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IPv6 address space

Updated: January 21, 2005

Applies To: Windows Server 2003, Windows Server 2003 R2, Windows Server 2003 with SP1, Windows Server 2003 with SP2

IPv6 address space

The most obvious distinguishing feature of IPv6 is its use of much larger addresses. The size of an address in IPv6 is 128 bits, which is four times larger than an address in IPv4. A 32-bit address space allows for 232 or 4,294,967,296 possible addresses. A 128-bit address space allows for 2128 or 340,282,366,920,938,463,463,374,607,431,768,211,456 (3.4 × 1038) possible addresses.

In the late 1970s when the IPv4 address space was designed, it was unimaginable that it could be exhausted. However, due to changes in technology and an allocation practice that did not anticipate the recent explosion of hosts on the Internet, the IPv4 address space was consumed to the point that by 1992, it was clear a replacement would be necessary.

With IPv6, it is even harder to conceive that the IPv6 address space will be consumed. To help put this number in perspective, a 128-bit address space provides 655,570,793,348,866,943,898,599 (6.5 × 1023) addresses for every square meter of the Earth's surface.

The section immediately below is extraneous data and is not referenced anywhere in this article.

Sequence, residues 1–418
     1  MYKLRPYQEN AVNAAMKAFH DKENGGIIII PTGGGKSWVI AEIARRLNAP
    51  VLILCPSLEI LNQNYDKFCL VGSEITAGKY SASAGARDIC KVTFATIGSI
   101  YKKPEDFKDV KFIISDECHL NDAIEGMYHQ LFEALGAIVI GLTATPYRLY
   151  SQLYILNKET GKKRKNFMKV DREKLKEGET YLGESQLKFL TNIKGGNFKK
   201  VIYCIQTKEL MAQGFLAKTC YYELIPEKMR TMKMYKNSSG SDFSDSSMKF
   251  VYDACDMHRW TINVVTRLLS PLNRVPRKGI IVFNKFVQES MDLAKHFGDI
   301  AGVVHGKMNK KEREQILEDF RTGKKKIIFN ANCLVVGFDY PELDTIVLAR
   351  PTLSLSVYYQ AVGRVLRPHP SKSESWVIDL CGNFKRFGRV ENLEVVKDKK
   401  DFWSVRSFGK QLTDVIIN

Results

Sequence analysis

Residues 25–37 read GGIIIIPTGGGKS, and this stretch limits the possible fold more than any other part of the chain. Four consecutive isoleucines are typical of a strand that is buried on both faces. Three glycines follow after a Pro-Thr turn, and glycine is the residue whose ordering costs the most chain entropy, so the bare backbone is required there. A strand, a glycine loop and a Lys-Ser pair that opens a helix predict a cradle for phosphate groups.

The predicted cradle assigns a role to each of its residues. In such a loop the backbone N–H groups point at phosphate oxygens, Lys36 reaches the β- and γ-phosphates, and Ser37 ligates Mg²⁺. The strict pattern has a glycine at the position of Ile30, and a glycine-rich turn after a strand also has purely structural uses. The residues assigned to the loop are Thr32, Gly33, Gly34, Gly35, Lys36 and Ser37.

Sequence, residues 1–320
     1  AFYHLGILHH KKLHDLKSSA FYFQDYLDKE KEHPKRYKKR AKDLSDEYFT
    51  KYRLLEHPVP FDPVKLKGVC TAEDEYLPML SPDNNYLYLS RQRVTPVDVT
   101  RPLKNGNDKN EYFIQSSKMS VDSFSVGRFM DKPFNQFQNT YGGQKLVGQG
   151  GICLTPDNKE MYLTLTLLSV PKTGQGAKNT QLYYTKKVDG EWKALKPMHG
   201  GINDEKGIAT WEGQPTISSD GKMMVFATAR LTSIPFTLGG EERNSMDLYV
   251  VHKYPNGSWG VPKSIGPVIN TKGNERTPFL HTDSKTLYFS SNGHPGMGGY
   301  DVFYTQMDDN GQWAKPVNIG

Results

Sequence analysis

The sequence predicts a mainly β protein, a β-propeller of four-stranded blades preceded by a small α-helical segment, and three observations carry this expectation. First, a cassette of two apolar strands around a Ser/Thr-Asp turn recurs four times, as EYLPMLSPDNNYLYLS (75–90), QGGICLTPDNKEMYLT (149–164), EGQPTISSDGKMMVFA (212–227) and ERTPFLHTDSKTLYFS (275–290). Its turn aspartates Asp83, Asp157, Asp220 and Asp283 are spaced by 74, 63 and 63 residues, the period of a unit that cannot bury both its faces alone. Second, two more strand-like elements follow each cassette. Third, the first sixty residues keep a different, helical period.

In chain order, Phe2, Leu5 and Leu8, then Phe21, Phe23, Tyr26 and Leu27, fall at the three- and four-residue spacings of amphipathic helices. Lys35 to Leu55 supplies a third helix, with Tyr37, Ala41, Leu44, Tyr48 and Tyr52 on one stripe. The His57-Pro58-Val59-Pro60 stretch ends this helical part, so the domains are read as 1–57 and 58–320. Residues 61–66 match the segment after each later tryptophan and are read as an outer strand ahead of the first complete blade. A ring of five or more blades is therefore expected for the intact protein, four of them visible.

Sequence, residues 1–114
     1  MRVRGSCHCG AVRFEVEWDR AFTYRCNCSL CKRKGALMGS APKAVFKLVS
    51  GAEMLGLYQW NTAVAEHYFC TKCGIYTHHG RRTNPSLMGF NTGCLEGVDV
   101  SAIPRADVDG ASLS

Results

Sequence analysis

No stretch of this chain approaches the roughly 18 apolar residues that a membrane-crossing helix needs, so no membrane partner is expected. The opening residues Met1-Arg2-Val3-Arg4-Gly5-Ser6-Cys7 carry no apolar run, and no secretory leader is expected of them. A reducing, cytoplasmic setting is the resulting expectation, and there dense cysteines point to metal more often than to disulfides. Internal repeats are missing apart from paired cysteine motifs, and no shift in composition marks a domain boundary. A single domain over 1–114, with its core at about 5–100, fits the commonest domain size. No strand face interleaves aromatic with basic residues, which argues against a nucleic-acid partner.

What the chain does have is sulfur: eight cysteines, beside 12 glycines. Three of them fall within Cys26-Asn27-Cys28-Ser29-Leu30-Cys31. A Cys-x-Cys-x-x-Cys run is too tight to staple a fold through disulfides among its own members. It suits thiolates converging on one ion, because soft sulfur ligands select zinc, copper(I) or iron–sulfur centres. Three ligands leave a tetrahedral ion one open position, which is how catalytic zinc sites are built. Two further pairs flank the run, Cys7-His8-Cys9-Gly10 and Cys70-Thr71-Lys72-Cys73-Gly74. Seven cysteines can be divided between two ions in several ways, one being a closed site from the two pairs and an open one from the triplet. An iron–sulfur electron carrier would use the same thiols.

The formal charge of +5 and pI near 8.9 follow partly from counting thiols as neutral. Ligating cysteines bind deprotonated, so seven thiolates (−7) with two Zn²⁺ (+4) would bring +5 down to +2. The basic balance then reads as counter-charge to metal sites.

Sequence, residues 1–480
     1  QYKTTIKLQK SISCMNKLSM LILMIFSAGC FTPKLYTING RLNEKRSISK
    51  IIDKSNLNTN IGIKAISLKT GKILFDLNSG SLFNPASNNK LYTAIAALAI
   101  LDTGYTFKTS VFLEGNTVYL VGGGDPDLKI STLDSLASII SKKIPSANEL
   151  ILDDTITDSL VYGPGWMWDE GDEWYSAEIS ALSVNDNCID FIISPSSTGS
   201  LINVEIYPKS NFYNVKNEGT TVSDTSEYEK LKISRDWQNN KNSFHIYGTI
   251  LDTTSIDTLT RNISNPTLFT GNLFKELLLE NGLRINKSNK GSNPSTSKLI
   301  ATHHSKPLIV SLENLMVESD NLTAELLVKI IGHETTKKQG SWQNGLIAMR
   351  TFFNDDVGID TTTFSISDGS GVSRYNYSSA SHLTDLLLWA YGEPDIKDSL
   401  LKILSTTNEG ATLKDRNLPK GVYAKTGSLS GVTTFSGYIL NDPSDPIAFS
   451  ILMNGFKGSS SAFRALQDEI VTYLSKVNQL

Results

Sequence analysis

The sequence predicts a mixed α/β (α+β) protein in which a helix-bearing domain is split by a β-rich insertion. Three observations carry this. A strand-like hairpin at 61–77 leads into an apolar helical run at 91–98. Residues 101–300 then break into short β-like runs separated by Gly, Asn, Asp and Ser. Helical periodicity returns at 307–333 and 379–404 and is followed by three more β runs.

It is important to note that the decision to make the IPv6 address 128 bits in length was not so that every square meter of the Earth could have 6.5 x 1023 addresses. Rather, the relatively large size of the IPv6 address is designed to be subdivided into hierarchical routing domains that reflect the topology of the modern-day Internet. The use of 128 bits provides multiple levels of hierarchy and flexibility in designing hierarchical addressing and routing that is currently lacking on the IPv4-based Internet.

The architecture of IPv6 addressing is described in RFC 2373, "IP Version 6 Addressing Architecture."

Current allocation

Similar to the way in which the IPv4 address space is divided, the IPv6 address space is divided based on the value of high order bits in the address. The high order bits and their fixed values are known as a Format Prefix (FP).

The following table shows the allocation of the IPv6 address space by FPs.

 

Allocation Format Prefix (FP) Fraction of the address space

Reserved

0000 0000

1/256

Reserved for NSAP allocation

0000 001

1/128

Aggregatable global unicast addresses

001

1/8

Link-local unicast addresses

1111 1110 10

1/1024

Site-local unicast addresses

1111 1110 11

1/1024

Multicast addresses

1111 1111

1/256

The remainder of the IPv6 address space is unassigned.

The current set of unicast addresses that can be used with IPv6 nodes consists of aggregatable global unicast addresses, link-local unicast addresses, and site-local unicast addresses. These represent only 15 percent of the entire IPv6 address space. For more information, see Unicast IPv6 addresses.

Note

  • IPv6 is a rapidly evolving standard. The RFCs referenced might have been made obsolete by newer RFCs.

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